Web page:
When March 30th arrives, Facebook Pages will change forever. Well, knowing Facebook’s track record, things will probably change again. But, at the end of the month, Pages will have the new Timeline design.
While some schools have taken the leap of faith, a few schools are still hanging on to their current pages. While you do have until the end of March to make the switch, I wanted to share some ideas as to how you might improve your school’s Facebook Page.
1. Show off Your Campus
Periodically changing your cover is a best practice in my opinion. Take advantage of your new space and show off your campus to the public. Let your online community see what’s happening on your campus throughout the school year (i.e., seasons on campus, student life, significant events, etc.).
My Alma mater, Marquette University, follows this practice on their university homepage. Their banner photo changes every two weeks to reflect student life, events, and hotspots around campus. This practice is now translated onto their Facebook Page. Not only are you able to visually represent your campus in a new way, but now prospective students can get an idea of what campus might be like. Remember, it’s the first thing people see when they visit your timeline, so make it count.
The other day, I stumbled upon the University of Rochester’s Facebook Page and discovered they recently started running a contest within their online community called “Photo Friday.” Students, faculty, staff, alumni, and parents can submit photos of how they see the campus. The winner’s photo is placed on their university’s page cover as well as their school’s Wall of Fame.
By allowing your fans to submit their own photos and vote, you not only generate organic content that can be used in other mediums, but also create a “competitive” activity that continues to bring visitors back to your page (and in turn, increases your community’s presence).
3. Student of the Page
Much like Student of the Month programs, my idea is about promoting your students through your Page. I call it “Student of the Page” (cliché, I know). Every month or so, a student would be profiled in the cover containing a photo of himself/herself with a quote as to why they decided to attend or what they enjoy most about going to your school.
As a result, your community can learn what makes your campus special from a student’s perspective, it displays an appreciation for your students, and demonstrates that you’re more than just an employee managing a Facebook account. To give you an idea of what I’m envisioning, I’ve designed one with the University of Kentucky in mind.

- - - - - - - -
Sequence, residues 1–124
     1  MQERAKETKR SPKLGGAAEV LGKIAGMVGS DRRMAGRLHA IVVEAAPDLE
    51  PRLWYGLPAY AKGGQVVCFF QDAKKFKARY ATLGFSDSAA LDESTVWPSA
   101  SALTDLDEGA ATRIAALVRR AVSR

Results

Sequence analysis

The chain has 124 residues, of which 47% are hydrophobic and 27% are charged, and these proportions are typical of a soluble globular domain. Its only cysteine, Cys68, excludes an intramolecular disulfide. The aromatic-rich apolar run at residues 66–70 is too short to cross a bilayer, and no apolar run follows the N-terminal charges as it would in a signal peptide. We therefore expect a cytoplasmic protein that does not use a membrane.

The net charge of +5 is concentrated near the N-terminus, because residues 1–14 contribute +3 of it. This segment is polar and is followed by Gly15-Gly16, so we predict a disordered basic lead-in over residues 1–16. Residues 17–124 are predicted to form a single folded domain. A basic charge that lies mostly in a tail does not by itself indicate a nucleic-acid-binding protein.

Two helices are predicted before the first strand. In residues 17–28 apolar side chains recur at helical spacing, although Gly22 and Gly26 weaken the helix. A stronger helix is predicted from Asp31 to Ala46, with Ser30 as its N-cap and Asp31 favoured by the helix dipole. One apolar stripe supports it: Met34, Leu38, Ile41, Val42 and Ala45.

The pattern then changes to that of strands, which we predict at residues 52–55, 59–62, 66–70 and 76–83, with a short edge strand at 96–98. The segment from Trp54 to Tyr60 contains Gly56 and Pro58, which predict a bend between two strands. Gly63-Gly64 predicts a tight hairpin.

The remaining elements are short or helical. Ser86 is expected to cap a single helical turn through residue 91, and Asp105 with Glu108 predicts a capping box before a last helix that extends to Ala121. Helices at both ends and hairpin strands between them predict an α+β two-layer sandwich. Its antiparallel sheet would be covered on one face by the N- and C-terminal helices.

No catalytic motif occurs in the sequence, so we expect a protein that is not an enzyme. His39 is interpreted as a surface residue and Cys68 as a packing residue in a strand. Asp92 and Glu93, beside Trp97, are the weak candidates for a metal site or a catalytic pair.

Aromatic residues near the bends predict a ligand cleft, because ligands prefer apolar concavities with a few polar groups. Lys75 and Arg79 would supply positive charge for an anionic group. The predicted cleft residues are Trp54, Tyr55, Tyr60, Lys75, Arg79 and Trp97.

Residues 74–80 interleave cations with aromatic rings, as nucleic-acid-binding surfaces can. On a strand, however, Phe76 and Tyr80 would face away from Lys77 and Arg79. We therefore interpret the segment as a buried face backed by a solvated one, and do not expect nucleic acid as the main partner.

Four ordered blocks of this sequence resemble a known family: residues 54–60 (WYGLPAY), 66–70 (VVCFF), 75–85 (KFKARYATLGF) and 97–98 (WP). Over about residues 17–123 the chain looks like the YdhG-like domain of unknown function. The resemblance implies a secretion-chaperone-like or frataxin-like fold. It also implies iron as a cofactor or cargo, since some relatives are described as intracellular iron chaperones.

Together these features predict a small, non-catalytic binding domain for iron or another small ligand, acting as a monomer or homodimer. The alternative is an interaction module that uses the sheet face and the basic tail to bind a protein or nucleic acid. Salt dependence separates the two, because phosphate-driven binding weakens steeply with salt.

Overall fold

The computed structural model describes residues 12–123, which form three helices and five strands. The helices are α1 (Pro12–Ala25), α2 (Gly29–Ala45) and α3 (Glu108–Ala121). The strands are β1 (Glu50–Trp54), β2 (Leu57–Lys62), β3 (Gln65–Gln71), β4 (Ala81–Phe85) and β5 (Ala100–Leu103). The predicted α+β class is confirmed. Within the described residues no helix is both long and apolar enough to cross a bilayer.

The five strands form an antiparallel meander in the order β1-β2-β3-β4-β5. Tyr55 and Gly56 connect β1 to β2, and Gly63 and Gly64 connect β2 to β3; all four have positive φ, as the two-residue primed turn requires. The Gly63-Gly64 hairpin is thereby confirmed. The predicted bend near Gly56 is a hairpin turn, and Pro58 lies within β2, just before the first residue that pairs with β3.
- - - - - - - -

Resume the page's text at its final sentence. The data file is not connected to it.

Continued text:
4. Pin it!
No, this one’s not about Pinterest! Let’s say a student posts a photo or an article and you don’t want others to miss out. You now have ability to “Pin” posts to the top your page. When you pin a post, it stays at the top of the page for up to seven days.
For instance, if a prospective student posted a photo of themselves with their acceptance letter, everyone who visits your page during that time would see it before anything else. What a great way to recognize a prospective student’s achievement and to make sure that everyone can share in the celebration and congratulate them.
5. “Highlight” Posts
Another new feature in your utility belt is the ability to “Highlight” posts. Highlighted posts are double wide so they take up both columns of the page. The more real estate, the more likely it is that your community will engage with it. I found only a handful of schools who were using this new feature like I hoped. Stanford University was one of them. On their Page, they posted a short video interviewing an incoming freshman who “had dreamed of coming to Stanford since she was in elementary school.”
I recommend highlighting photos from students and the school or videos (i.e. recruiting or commercial) as it’s great content for current and future applicants. You might want to try highlighting and pinning your post to ensure it’s the first thing they interact with.
6. Personal Communication
Now your fans can send you a message directly to your inbox. For example, if a student has a question about financial aid or an upcoming deadline, they can message you instead of writing on your timeline. This will help relieve some of the situations where students find their questions unanswered.
Messaging will help facilitate a personal communication channel between you (the school) and your fans (prospective students, current students, alumni, etc.).
7. Tell Your School’s Story
As I scanned Facebook for schools that published their timelines early, I began to notice a trend. Eighty-six percent of them were missing key moments in their school’s history. Their timelines jumped from “Founded” to the year 2009 when they “Joined Facebook.” Something that’s important to remember about timeline is that it’s about telling your story with posts, pictures, and life events.
There’s no better place to learn more about your school than an interactive tour on your Page from beginning, to middle, to the present. Yale University, a school with over 300 years of history has done an exceptional job of curating their timeline. Did you know the first Frisbee was invented in 1920 at Yale? Neither did I. You can learn more about their history here.
Remember, your timeline is more than just a page now — it’s a story. With Facebook’s new feature-set, you can add substance and dialogue to your online community.
Have you updated to the new Timeline? Will you be ready to update your university page? If you have any of your own ideas, please share below.